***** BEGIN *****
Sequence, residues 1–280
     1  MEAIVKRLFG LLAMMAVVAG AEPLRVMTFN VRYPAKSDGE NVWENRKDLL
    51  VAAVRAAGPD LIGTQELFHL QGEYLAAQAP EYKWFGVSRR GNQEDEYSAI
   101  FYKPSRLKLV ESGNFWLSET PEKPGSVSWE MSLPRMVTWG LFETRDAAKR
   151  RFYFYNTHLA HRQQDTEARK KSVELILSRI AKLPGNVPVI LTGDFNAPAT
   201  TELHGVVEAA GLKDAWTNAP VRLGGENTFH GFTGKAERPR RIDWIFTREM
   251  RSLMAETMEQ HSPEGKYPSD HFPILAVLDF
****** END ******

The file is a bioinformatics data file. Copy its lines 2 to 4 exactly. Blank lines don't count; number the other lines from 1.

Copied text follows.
     1  MEAIVKRLFG LLAMMAVVAG AEPLRVMTFN VRYPAKSDGE NVWENRKDLL
    51  VAAVRAAGPD LIGTQELFHL QGEYLAAQAP EYKWFGVSRR GNQEDEYSAI
   101  FYKPSRLKLV ESGNFWLSET PEKPGSVSWE MSLPRMVTWG LFETRDAAKR